Create GCP Project And Integrate With IntelliJ — Step 2 of 4

GCP Setup

Create New Project under GCP console with Quickstart steps and ensure Billing is enabled for the project.

Integrate With IntelliJ

  1. Setup normal Java build configuration under Edit Configurations with projectModuleName_main.
  2. Either enable current open project with GCP, start a new one, or use an existing project from a GitHub repo.

For current open project: choose Tools > Google Cloud Tools > Add AppEngine Support > Google AppEngine Flexible> select to create .yaml when given the choice and make sure it’s under src/main/appengine/app.yaml > when adding framework support choose projectModuleName (not projectName_main or projectName_test)


If the app is handling a task in order to populate data for a backend service that does not process user network requests than making sure only one instance is running is important. Otherwise multiple instances can populate the backend with duplicate data. (see Configuring your App with app.yaml)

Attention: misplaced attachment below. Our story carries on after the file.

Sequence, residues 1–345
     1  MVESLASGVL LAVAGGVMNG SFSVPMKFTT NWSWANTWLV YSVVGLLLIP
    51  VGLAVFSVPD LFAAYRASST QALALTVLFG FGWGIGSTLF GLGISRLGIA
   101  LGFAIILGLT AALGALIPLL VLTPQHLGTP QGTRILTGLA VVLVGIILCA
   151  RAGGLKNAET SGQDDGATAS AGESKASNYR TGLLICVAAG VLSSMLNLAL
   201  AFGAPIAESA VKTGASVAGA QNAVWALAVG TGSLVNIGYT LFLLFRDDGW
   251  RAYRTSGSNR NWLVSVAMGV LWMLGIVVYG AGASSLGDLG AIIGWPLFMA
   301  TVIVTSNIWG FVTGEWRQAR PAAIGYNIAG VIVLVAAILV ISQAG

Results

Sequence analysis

manual_scaling:instances: 1

Generate Deployable JAR — Step 3 of 4

Packaging the application in a JAR

File > Project Structure > Project Settings > Artifacts > + > Jar > From modules with dependencies…

  • Module: projectModuleName_main
  • MainClass:YourMainClassWithMainMethod
  • Manifest: src/main/manifestName
  • Output directory: projectName/out/artifacts/jarName_jar

Build and run JAR

  1. Build > Build Artifacts… > Action > Build
  2. Run Jar: Run > Edit Configurations: + and select JAR Application (Before launch: + > Build Artifacts > artifactName)